Folks, if you are still driving, congratulations on that, it’s a lovely aspect of maintaining your independence. Driving is a skill we learn before we’re old enough to vote, and like voting, it is a privilege rife with responsibilities. However, if you no longer drive, your brain is still imprinted with traffic laws and vehicle protocol. Its rules will stay with you for the rest of your life whether you hug the road or the sides of a power chair.
What in the world does driving have to do with MS disease management?
Let’s connect the dots. First, think of yourself driving down a road with moderate traffic ahead of and behind you while you see a traffic light up ahead. You need to get in the left turn lane, and for that, you’ll need to:
- Check the rearview and side mirrors to look for a gap to change lanes.
- Glance straight ahead to keep the car in front of you at least two car lengths away for when you need to stop or slow down.
- Choose the right moment to change lanes safely while the traffic light is still green.
Sounds like a lot of multi-tasking that requires pinpoint accuracy and timing—and a good way to crack up a perfectly good car. Amazingly, it’s as effortless and deftly choreographed as a contemporary ballet, and mostly done successfully. Sometimes, though, things can go wrong. Gazing at the rearview mirror or dashboard readout for one extra second can send you crashing into the bumper of the car ahead. Ever done that? I have. Proper time allotment for each task is a crucial component of safe driving. So too managing our days with multiple sclerosis.
Spend too much time looking ahead and you’ll miss noting that the fuel gauge is on empty.
Ambling safely along our individual life roads requires some of the same basic traffic rules. Look ahead at least 5-6 car lengths (hours, days, etc.) to get the gist of what’s there and what might happen once you get to that spot, then glance in the rearview mirror to see whether someone’s on your tail or at least 2-3 car lengths (past events) behind you. Spend too much time looking ahead and you’ll miss noting that the fuel gauge is on empty. If you forget to eat or rest (refuel) then you might not reach your target on time. Spend too much time looking in the rearview mirror with regret, anger or grief, and you can run out of gas and forget to check if there are clear roads ahead.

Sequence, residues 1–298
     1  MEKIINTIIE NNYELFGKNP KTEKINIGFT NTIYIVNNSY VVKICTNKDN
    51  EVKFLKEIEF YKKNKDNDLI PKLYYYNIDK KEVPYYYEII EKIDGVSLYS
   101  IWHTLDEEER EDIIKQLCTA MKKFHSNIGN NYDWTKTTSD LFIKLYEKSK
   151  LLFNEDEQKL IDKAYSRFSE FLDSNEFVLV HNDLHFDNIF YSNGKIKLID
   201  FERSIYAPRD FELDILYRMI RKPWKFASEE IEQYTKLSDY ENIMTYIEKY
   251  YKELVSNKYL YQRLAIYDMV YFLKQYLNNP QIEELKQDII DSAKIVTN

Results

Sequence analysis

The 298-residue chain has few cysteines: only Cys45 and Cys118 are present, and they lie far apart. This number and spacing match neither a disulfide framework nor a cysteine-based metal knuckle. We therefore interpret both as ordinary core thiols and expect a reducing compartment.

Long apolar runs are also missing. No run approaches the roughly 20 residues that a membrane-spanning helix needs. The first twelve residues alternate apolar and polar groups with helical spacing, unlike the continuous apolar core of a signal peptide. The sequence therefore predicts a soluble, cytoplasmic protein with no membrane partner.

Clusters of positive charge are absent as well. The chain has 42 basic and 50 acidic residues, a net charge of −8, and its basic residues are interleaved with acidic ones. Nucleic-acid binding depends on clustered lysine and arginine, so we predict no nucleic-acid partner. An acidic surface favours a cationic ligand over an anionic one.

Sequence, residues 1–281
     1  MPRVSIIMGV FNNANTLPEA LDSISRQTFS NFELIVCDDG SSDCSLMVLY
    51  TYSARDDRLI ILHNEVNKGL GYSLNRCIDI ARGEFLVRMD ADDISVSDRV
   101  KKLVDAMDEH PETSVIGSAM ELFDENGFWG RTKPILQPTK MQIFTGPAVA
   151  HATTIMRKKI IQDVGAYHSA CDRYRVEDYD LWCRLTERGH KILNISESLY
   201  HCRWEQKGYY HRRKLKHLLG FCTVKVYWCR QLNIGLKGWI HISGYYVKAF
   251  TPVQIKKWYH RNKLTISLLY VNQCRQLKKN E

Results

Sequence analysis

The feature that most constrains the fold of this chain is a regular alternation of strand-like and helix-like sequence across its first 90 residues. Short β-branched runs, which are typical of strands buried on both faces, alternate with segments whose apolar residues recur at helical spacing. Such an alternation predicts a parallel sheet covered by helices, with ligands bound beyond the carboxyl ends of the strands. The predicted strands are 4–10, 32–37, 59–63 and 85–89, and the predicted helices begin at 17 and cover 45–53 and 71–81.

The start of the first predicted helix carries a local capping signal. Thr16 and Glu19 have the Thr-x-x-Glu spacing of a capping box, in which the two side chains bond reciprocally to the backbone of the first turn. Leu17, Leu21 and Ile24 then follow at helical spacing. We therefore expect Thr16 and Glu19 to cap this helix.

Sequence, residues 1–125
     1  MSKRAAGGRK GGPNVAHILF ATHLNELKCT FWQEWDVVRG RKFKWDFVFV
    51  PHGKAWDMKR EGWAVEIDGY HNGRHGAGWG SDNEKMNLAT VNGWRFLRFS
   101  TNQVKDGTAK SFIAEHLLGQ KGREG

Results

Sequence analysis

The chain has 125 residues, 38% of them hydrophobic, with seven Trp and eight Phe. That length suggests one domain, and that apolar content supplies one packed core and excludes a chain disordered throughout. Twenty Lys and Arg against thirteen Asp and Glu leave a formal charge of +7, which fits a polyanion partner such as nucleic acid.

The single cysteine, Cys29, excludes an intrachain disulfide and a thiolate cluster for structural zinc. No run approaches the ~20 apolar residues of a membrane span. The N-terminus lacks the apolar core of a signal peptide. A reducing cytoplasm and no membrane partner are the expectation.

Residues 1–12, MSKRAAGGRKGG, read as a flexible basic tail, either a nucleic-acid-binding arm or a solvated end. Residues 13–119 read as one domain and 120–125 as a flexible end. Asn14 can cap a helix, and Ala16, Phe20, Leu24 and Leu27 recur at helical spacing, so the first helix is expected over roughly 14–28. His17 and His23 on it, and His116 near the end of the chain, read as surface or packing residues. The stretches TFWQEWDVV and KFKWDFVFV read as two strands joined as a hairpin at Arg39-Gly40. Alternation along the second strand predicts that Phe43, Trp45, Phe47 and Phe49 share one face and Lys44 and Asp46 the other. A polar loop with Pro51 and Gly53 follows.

Until recently, I’d convinced myself that I mostly lived in the moment, only occasionally checking the rearview mirror and even less occasionally peering ahead farther than one or two car lengths. I probably didn’t do it as much as I gave myself credit for, but hey, that version of denial is just one of many coping techniques I use to get through the day. Major life events did, however, upset whatever equilibrium I actually had.
For example, the sudden end of a relationship after barely two years of marriage threw everything out of whack. It happened four years ago and I’m still feeling my way back to where the rubber meets the road. Isn’t that what we do whenever MS runs us off the pavement and into a ditch? We do get back in the driver’s seat, but it’s not the same.
Needing a refresher course.
I need a refresher course on safe driving as I continue down that long lonesome road. Although I’m the same driver at age 58 that I was at 16, there is oodles more that preoccupies me now. I spend way more time gazing in the rearview mirror than I did in my youth—naturally, more of my life lies behind me now than ahead–but I do keep my eye on the gas and oil gauges. In fact, I dote on those dashboard indicators a little too much. I overfilled my oil (checked the transmission fluid dipstick by mistake) and gas tank, though the latter is only a metaphor for my weight gain. Of all the seven deadly sins, I’m as surprised as anyone who knows me that gluttony would be the one that’s kept me spinning my wheels.
Believe it or not, though, I’m a cautious optimist. Someday soon my wheels will once again grab the pavement, my head will clear, and a more balanced me will approach each construction zone and detour with a clear eye, an alert mind, and accident history archived well away from the main floor of my consciousness.